When listeners talk about their listening experiences, they often refer to music as if it were a narrative. But can music actually tell a story? Can music be narrative? Traditionally, narrativity is associated with verbal and visual texts, and the mere possibility of musical narrativity is highly debated. In this study, Vincent Meelberg demonstrates that music can indeed be narrative, and that the study of musical narrativity can be very productive. Moreover, Meelberg even makes a stronger claim by contending that contemporary music, too, can be narrative. More specifically, Meelberg suggests considering contemporary musical narratives as metanarratives, i.e. narratives that tell the story of the process of narrativization.
Open Music Theory is an open-source, interactive, online “text”book for college-level music theory courses. OMT was built on resources authored by Kris Shaffer, Bryn Hughes, and Brian Moseley. It is edited by Kris Shaffer and Robin Wharton, and is published by Hybrid Pedagogy Publishing.
Sounds in Translation: Intersections of music, technology and society joins a growing number of publications taking up R. Murray Schafer’s challenge to examine and to re-focus attention on the sound dimensions of our human environment. This book takes up his challenge to contemporary audiologists, musicologists and sound artists working within areas of music, cultural studies, media studies and social science to explore the idea of the ‘soundscape’ and to investigate the acoustic environment that we inhabit. It seeks to raise questions regarding the translative process of sound: 1) what happens to sound during the process of transfer and transformation; and 2) what transpires in the process of sound production/expression/performance. Sounds in Translation was conceived to take advantage of new technology and a development in book publishing, the electronic book. Much of what is written in the book is best illustrated by the sound itself, and in that sense, permits sound to ‘speak for itself’.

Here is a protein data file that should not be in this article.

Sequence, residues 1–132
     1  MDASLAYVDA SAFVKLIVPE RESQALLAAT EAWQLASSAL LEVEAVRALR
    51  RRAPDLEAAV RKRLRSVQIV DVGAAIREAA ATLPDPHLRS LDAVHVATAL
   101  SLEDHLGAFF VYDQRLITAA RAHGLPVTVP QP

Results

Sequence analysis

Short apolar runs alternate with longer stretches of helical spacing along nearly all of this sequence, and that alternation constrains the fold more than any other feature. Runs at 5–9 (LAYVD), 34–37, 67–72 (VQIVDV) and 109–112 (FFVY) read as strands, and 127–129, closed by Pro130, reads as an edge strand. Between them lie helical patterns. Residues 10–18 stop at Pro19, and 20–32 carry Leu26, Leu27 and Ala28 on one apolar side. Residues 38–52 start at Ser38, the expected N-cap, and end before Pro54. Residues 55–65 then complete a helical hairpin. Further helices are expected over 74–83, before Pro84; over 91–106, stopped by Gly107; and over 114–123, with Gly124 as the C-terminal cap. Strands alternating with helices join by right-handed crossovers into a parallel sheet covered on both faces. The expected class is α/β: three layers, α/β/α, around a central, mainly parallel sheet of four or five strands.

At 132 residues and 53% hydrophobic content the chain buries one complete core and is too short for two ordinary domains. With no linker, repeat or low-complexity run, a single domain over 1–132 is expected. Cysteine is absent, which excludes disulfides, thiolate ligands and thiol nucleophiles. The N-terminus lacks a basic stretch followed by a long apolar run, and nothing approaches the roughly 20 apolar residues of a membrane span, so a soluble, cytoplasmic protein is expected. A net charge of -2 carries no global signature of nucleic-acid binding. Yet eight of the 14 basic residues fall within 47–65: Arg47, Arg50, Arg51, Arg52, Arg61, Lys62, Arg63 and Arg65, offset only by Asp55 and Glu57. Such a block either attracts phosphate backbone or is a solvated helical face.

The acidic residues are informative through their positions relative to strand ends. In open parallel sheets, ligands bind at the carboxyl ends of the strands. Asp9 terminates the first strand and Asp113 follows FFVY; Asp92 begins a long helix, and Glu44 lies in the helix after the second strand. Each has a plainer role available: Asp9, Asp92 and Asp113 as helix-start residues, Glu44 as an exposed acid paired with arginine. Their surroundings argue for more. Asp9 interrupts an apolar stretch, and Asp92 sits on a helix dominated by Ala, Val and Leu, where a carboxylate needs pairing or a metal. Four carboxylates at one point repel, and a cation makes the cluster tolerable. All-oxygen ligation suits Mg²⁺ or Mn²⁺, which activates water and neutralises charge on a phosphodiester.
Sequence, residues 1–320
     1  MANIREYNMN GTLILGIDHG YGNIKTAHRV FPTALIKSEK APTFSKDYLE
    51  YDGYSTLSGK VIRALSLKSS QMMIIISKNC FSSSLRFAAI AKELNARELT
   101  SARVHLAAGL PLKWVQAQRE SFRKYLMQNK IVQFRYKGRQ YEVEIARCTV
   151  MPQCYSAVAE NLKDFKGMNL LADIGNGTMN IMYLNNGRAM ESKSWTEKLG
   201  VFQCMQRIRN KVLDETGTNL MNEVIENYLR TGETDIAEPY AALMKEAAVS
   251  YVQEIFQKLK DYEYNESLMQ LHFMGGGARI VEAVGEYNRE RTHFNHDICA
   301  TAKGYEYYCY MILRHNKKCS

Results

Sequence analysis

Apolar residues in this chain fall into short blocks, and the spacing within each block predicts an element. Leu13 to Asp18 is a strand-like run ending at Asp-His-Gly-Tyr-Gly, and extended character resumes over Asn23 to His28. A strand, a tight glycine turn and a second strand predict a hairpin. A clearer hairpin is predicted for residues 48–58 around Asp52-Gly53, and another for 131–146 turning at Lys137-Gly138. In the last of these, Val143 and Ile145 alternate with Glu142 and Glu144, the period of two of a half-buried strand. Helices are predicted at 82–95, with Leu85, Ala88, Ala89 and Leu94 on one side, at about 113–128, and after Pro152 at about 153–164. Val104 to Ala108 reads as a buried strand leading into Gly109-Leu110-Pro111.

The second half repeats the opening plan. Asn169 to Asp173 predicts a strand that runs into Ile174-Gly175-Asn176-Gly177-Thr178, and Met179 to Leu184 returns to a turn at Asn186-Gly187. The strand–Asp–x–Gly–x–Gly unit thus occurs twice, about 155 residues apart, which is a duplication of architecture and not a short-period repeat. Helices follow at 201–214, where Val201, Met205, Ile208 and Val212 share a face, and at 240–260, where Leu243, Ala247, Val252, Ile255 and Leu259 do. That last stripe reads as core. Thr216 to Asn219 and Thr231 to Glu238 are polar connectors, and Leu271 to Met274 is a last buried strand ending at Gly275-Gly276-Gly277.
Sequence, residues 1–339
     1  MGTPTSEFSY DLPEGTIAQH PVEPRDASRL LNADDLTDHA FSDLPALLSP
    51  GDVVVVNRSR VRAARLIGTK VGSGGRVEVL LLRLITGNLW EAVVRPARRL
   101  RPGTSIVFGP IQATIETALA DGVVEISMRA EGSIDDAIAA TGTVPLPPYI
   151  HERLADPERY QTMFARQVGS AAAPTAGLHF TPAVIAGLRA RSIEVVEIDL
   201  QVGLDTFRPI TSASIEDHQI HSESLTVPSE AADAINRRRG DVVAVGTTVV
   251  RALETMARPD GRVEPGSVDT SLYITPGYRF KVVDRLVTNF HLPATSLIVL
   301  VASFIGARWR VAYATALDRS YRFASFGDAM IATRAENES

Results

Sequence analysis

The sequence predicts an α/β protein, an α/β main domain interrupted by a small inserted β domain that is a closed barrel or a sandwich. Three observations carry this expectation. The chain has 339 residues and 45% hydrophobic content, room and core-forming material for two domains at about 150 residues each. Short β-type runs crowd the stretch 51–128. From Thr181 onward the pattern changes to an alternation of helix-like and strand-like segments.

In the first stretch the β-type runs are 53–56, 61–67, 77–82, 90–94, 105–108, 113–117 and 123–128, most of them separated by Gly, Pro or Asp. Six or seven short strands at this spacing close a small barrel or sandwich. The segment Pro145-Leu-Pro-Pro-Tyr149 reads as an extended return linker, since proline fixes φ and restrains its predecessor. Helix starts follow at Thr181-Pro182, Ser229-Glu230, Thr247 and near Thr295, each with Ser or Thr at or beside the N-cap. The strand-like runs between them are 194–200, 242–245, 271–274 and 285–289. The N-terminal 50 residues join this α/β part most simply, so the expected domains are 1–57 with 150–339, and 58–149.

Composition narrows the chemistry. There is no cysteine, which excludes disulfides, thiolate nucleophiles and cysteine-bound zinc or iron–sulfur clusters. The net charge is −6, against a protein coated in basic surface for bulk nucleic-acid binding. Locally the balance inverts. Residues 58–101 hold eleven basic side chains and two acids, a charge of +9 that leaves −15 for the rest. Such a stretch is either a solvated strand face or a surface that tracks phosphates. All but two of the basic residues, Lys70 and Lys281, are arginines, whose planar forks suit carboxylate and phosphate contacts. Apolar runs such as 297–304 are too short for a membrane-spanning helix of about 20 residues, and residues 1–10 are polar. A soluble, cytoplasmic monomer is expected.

An expanded version of "Introduction to Music Theory", this course includes a review of common notation and an introduction to the physics behind music theory, as well as the basic concepts of music theory and a few slightly advanced but very useful topics, such as transposition.